— Mobile Technology
Samsung's Galaxy Tab 3 has "mid-range" written all over it
Samsung announced the Galaxy Tab 3, a 7-inch tablet with decidedly mid-range specs
Samsung’s original Galaxy Tab was Android’s first iPad rival. “Rival” probably isn’t the best word, though: the iPad sold in bunches while the overpriced (US$600) Galaxy Tab collected dust. Almost three years later, a much more popular Samsung has announced the 7-inch slate’s second proper sequel: the Galaxy Tab 3.
The Tab 3 takes some design cues from the Galaxy Note line, but make no mistake. This tablet is far from being a high-end piece of hardware.
We’re looking at a mediocre display: 1024 x 600, spread over 7 inches. It also sports a nondescript 1.2 GHz dual core processor and 1 GB of RAM. Its camera is low-res (3-megapixels in the rear shooter), and it even runs last year’s version of Android (4.1 Jelly Bean).
So we’re probably also looking at budget pricing here. The US$400 Galaxy Note 8.0 doesn’t have the most cutting-edge hardware either, but – in addition to supporting the S Pen – its components are at least a notch or two above these ho-hum Galaxy Tab 3 specs.
Of course mid-range isn't necessarily a bad thing – when the price is right. Unless it somehow drops below the US$200 mark, though, it will have some tough competition. At least on paper, the Nexus 7 – which could soon come in a new version – easily outpaces the Tab 3.
The official word on pricing will have to wait, though, as Samsung hasn’t announced the Tab 3 for any specific markets yet. The global rollout for the Wi-Fi version begins in May, and a 3G version will follow in June. Yep, 3G: it also lacks LTE. Mid-range indeed.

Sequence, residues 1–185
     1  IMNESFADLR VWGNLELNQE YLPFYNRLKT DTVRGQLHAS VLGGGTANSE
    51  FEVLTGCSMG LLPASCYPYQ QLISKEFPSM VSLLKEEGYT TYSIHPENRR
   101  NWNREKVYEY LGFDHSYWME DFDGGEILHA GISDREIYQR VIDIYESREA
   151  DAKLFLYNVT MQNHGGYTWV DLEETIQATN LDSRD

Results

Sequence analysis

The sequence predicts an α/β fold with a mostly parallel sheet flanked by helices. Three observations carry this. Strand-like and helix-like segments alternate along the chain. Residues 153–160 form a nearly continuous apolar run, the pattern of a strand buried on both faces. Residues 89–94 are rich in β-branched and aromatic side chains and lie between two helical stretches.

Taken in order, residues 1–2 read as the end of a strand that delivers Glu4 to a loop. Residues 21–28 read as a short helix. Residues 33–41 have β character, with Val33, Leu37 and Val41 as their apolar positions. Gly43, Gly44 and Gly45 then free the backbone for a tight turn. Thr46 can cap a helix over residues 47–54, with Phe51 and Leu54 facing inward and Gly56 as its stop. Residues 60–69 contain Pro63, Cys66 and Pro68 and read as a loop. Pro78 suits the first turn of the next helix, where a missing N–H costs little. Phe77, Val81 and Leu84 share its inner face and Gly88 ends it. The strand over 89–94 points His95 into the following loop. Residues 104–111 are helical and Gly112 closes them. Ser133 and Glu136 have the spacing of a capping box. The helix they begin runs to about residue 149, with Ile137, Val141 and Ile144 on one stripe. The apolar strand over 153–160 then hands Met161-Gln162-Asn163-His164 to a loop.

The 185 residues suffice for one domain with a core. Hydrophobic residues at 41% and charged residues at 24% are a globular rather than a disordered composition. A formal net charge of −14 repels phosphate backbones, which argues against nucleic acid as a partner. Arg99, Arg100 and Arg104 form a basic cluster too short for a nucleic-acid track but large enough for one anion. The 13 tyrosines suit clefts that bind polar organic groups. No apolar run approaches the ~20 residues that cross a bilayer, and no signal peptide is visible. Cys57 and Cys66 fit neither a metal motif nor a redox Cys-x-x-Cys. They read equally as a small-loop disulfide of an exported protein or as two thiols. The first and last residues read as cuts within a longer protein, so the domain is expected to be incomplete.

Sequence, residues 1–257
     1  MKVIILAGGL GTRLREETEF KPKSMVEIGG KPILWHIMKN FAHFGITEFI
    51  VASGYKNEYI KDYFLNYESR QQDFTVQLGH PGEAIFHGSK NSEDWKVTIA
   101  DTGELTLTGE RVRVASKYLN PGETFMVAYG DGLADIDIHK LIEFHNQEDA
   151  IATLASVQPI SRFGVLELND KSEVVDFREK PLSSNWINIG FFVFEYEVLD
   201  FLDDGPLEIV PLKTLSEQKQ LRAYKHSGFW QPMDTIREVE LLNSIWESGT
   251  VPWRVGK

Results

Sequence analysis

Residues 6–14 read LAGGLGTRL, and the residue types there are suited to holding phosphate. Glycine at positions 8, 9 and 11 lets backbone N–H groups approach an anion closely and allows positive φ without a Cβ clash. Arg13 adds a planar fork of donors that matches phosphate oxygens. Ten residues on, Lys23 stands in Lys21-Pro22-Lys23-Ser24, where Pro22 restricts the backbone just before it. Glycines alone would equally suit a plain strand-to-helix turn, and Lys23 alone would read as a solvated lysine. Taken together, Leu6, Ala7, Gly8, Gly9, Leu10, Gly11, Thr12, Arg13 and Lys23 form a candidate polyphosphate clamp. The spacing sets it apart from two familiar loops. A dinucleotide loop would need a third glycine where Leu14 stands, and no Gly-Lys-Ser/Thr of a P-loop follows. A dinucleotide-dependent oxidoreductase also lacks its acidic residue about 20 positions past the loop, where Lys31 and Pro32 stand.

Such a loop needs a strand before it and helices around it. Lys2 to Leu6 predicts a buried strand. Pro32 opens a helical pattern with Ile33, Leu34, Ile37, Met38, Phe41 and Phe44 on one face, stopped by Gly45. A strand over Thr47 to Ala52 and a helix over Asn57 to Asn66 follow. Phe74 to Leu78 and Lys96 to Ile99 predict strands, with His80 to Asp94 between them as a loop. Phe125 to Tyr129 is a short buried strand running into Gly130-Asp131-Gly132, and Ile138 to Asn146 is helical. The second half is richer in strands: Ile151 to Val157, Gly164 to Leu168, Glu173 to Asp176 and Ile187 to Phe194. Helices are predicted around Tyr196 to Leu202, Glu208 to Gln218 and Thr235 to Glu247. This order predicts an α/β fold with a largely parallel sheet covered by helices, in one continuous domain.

About the Author
Will Shanklin is Gizmag's Mobile Tech Editor, and has been part of the team since 2012. Before finding a home at Gizmag, he had stints at a number of other sites, including Android Central, Geek and the Huffington Post.
Will has a Master's degree from U.C. Irvine and a Bachelor's from West Virginia University. He currently lives in New Mexico with his wife, Jessica.
All articles by Will Shanklin
Samsung should just drop this model and place its emphasis on its Note lineup.
The note is made for purses & satchels.
I have the Samsung Tab 2 7inch tablet computer. I really like it. I bought the 'student edition' for $249; it came with an adapter and a keyboard. It was a good deal from Best Buy. I use it to play hidden object games, write using the keyboard attachement, surf the web. IMO; it does these very well. At the right price, I think this should do well too.
I agree with BigWarpGuy,
Tab clients are not gizmo-geeks looking for specs. I think it is smart to focus on lower range but efficient computing because all my relatives of the older generation are interested in a tab to surf, read, skype, and makes long trips easy through light games and music. Also families are looking for something for their kids and top-notch is just wasteful.
Key word here is pricing indeed.
Sammy, WHY!? I owned the Tab 2.0 as a student (before it got stolen), and to be honest they're okay at best. The camera is good but too low-res for shooting fine text or OCR. The interface is laggy and apps like Temple Run struggle considerably. Seriously, charge more, but bump up the specs to make this thing useful, and not merely functional.
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